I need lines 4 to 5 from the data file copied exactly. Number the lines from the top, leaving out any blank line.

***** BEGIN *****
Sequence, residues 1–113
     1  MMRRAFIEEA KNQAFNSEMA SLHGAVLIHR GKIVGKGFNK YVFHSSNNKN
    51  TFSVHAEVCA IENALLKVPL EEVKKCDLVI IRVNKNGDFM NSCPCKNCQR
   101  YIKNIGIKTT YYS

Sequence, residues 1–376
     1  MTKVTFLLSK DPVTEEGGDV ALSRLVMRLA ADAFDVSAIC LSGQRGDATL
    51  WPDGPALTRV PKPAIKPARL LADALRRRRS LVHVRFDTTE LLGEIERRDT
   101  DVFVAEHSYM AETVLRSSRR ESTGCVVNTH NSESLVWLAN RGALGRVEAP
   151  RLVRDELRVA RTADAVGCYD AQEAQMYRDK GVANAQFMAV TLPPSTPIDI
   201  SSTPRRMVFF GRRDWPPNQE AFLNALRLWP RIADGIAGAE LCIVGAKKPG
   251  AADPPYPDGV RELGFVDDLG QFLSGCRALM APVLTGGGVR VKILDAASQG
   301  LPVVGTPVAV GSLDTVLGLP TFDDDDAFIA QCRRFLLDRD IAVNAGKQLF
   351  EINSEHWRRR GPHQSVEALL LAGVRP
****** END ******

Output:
   101  YIKNIGIKTT YYS

Sequence, residues 1–376